It’s a fact of life, along with homework, school-age children often bring home germs and illnesses. When children work and play in groups, germs are likely to spread. We see several common childhood illnesses at RiverStone Health school-based health clinics in Orchard Elementary and Medicine Crow Middle Schools, including sore throats, common colds, coughs, ear pain, and pink eye.
Viral illnesses, such as colds or the flu, commonly cause sore throats. These illnesses occur more during winter but can happen year-round. In addition to a sore, scratchy throat, a cold virus can cause your child to have a fever, runny nose and cough. These infections usually get better without medication in 7 to 10 days.
After a few days, most sore throats clear up. However, strep throat is different. Common symptoms for strep are fever, throat pain, headache, red and swollen tonsils, stiff or swollen neck, stomach ache or signs of dehydration. Your child's provider may need to see the child to decide whether to do a strep test.
Colds are caused by viruses. Symptoms of a cold may last for up to ten days. Green mucus in the nose doesn’t necessarily mean antibiotics are needed. Common colds never need antibiotics. If a sinus infection is suspected based on your child’s symptoms and a physical exam, your provider will consider whether antibiotics are the best choice.
In children, coughing is commonly caused by a cold. Usually a cough gets better on its own and is not serious. If your child has a bad cough that won’t go away, see your healthcare provider.
Ear pain is also common in children and can have many causes. An in-office exam is the best way to make an accurate diagnosis.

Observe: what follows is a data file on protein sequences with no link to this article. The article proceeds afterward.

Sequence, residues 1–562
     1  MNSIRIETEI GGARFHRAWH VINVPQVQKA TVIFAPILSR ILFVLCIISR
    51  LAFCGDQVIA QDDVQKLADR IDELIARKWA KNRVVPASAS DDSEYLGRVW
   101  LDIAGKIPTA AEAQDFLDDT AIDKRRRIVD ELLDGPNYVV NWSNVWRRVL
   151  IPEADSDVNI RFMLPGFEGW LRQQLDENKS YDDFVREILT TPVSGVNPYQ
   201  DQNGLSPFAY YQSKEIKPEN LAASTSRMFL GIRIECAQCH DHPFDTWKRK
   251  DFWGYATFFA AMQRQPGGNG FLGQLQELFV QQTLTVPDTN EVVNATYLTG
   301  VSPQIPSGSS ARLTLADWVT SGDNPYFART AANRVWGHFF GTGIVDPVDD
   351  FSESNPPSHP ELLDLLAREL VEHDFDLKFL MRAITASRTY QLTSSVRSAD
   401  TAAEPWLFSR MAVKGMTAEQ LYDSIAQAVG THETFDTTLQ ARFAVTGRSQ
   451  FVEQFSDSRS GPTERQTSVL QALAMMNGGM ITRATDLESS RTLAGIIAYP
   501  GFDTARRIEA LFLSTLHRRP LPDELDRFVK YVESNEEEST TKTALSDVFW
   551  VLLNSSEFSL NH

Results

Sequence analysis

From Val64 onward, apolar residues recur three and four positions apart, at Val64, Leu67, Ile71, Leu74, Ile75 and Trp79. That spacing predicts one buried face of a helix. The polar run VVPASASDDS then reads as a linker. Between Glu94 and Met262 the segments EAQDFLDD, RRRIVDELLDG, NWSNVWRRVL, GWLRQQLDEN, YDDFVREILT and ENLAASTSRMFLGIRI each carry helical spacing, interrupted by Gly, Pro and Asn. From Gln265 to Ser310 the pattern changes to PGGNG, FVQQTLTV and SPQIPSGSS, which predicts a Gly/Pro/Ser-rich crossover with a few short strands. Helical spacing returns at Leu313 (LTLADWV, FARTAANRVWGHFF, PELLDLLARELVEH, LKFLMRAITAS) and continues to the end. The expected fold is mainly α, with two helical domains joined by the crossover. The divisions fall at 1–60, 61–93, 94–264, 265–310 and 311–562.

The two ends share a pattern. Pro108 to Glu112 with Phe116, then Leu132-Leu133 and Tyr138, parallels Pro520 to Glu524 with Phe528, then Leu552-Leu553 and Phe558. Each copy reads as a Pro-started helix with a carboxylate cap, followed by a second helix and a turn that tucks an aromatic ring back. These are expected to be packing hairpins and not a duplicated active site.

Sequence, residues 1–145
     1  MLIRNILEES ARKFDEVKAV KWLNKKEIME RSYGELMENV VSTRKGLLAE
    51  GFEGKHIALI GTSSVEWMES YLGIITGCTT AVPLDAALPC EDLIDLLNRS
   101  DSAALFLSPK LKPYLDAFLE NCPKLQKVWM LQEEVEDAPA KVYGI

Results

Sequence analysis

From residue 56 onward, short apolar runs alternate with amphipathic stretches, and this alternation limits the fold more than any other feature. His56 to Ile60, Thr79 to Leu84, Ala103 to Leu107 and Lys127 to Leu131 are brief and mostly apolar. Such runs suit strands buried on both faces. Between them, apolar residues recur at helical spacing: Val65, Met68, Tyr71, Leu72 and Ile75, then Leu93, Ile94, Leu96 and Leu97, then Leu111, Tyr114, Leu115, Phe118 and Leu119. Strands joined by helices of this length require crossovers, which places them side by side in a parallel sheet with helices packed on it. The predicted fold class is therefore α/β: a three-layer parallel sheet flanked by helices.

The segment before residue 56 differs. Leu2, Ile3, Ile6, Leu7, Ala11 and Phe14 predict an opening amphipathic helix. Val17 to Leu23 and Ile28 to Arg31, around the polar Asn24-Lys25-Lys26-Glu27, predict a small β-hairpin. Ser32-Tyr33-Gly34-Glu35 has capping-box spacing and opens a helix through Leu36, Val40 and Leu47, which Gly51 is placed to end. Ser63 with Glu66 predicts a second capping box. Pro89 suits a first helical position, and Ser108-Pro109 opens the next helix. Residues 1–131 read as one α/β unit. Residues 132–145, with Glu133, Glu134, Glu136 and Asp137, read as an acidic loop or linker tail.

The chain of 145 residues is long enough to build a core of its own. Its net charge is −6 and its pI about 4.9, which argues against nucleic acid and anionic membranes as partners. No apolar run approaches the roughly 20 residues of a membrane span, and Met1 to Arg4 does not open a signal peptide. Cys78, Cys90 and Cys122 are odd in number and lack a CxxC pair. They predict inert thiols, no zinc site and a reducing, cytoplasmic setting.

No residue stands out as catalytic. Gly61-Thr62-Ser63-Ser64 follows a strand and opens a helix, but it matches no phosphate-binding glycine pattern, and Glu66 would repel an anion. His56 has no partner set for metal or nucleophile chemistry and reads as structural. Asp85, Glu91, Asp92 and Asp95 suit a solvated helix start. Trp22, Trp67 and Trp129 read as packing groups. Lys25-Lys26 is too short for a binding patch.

Bacteria, a virus, allergies or eye irritants can cause pink eye. Pink eye is contagious if it’s caused by bacteria or a virus. See your healthcare provider to determine whether antibiotic eye drops or ointment is needed to speed recovery and prevent its spread.
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During cold and flu season, it may be hard to decide when your sick child should stay home and when you should go see your healthcare provider. If you’re ever in doubt about your child's symptoms or health, call your provider.
Remembering these routine practices can help stop the spread of infections:
• Cover your mouth or nose with a tissue when you cough or sneeze. Put your used tissue in a waste basket.
• If you don’t have a tissue, cough or sneeze into your upper sleeve or arm, not your hands.
• Remember to wash your hands after coughing or sneezing with soap and water, or an alcohol-based hand sanitizer if soap and water are unavailable.
• Avoid close contact with people who are sick.
• Do not share personal items such as water bottles.